First, the allegedly new draft standards are a cut-and-paste job from the Common Core. Here is reading standard number 16 for Kindergarten in the “new” draft of the Indiana standards: “Associate the long and short sounds with the common spellings (graphemes) for the five major vowels.” Here is reading standard RF.K.3b in the Common Core: “Associate the long and short sounds with the common spellings (graphemes) for the five major vowels.” There is no difference. And such is the case with virtually all of the draft standards. The committee simply took the Common Core logo off the standards, made minute adjustments to them, and passed them on to the public to see if anyone would notice. Well, we did.

The second objection is that these standards are utterly inadequate and in many cases embarrassingly false or ridiculous. Take the standard written above. The original authors engaged in typical circumlocutory edu-speak in order to make something very simple sound wonderful and mysterious. But their standard doesn’t pan out. Presumably the authors of the standard are telling teachers to teach children the long and short sounds of the vowels. But that is not what it says. Rather, students are supposed to associate (know?) the long and short sounds when they see “the common spellings . . . for the five major vowels.” What?

Now ask yourself: How many ways are there to spell the letter A? I can only think of one, unless you mean to distinguish between capitals and lower case, which is not what is being said. A is always spelled A. Even if we give the original authors of this standard and the Indiana committee the benefit of the doubt, and allow them to claim that learning the vowel sounds was what they meant, we still have the problem of the more generous reading of the standard not being true, either, or at best only half true. Why learn only the short and long sounds? Every vowel except for e has more than a long and a short sound. The letter A, for example, has four sounds: /ă/, /ā/, /ah/, /aw/, as in at, tape, want, talk. Consider the word father. You do not call your father your făther, nor your fāther. Yet this simple truth about the code that is the English alphabet is lost on the very people who are in charge of writing “standards” for our children’s schools.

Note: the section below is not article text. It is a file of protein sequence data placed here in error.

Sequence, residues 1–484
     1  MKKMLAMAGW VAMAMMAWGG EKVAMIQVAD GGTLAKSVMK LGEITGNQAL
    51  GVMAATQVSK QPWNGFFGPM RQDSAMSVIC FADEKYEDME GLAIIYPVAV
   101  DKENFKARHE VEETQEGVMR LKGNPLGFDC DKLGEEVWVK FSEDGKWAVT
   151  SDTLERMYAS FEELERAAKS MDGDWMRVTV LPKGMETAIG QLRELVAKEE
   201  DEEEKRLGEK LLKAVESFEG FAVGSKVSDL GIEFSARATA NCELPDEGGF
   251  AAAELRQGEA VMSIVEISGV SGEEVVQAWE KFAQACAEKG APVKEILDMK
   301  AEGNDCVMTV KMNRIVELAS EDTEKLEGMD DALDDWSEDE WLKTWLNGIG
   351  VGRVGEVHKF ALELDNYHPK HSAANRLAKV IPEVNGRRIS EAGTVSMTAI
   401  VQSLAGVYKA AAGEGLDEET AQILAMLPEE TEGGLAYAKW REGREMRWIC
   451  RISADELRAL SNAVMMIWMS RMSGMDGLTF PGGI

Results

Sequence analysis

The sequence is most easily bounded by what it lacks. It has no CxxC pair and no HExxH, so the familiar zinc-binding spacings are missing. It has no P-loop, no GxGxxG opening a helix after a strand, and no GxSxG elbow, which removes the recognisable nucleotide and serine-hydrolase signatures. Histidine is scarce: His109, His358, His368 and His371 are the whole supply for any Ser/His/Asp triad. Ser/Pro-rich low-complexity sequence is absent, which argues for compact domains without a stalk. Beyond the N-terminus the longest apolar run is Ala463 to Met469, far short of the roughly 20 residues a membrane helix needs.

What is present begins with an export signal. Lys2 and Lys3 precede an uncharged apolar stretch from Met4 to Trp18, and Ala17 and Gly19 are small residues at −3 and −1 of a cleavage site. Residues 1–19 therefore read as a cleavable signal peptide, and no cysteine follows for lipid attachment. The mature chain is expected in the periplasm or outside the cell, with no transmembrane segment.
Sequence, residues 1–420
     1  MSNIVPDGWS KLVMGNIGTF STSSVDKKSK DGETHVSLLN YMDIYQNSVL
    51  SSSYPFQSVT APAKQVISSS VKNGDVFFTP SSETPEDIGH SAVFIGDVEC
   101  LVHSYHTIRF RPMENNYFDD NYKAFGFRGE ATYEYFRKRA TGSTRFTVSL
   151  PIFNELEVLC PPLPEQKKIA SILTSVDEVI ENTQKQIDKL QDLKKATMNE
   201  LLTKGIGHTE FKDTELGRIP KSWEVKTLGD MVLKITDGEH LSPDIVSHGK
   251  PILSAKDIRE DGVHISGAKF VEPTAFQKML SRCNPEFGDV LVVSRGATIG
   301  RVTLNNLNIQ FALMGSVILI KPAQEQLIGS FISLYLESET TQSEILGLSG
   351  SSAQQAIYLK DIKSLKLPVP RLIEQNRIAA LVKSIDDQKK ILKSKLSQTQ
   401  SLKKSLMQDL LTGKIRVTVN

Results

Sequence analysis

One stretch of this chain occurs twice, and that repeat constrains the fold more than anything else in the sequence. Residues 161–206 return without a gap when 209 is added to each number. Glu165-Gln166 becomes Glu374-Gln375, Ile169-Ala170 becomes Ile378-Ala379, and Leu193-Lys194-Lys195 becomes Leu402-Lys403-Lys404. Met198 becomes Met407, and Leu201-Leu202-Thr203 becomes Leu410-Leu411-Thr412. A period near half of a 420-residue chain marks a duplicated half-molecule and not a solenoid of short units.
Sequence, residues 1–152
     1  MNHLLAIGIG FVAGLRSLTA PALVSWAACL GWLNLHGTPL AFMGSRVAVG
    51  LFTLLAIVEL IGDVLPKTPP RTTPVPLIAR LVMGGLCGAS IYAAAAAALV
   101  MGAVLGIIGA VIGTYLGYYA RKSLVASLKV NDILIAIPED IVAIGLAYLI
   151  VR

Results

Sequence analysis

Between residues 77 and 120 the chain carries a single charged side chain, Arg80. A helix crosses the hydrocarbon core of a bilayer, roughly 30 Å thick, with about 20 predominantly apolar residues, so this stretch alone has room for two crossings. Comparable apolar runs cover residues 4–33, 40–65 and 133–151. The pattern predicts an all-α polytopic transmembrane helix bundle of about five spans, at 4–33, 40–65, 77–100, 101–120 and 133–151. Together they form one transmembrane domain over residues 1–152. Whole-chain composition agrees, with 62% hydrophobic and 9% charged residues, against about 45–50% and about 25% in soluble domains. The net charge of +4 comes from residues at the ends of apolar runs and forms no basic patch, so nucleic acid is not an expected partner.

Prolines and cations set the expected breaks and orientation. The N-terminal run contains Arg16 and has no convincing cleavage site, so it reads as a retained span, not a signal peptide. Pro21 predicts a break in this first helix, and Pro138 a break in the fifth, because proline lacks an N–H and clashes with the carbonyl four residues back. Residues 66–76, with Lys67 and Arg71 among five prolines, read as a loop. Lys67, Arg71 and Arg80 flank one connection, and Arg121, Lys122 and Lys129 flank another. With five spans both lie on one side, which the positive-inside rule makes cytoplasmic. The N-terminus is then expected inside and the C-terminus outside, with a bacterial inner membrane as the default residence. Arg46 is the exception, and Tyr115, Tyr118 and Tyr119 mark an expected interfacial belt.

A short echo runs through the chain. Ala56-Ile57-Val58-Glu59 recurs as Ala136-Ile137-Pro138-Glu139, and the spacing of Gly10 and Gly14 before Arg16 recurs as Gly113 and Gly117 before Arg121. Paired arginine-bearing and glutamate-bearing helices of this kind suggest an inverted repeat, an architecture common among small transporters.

The third objection concerns just who is in charge of this “process.” Teaching children to read, to write, and to understand and enjoy great literature, while not easy, is shockingly straightforward. Good schools did this for hundreds of years in America before mind-numbing and misnamed “standards” were introduced in the Sixties, when the level of both general and civic literacy began its steady decline. Yet whenever we ask the people in charge of this “process” to explain in direct terms how students learn to read and write we are not given anything close to a straightforward answer. A couple of weeks ago at a public meeting, I asked two state school board members whether a very clear sentence that I offered concerning the teaching of phonics could ever make it into the standards. I was basically testing whether the board members themselves understood phonics. The response was four minutes of dancing around the issue, with no indication that our school board members have any idea how students learn to read. Are these really the people in charge of our children’s education?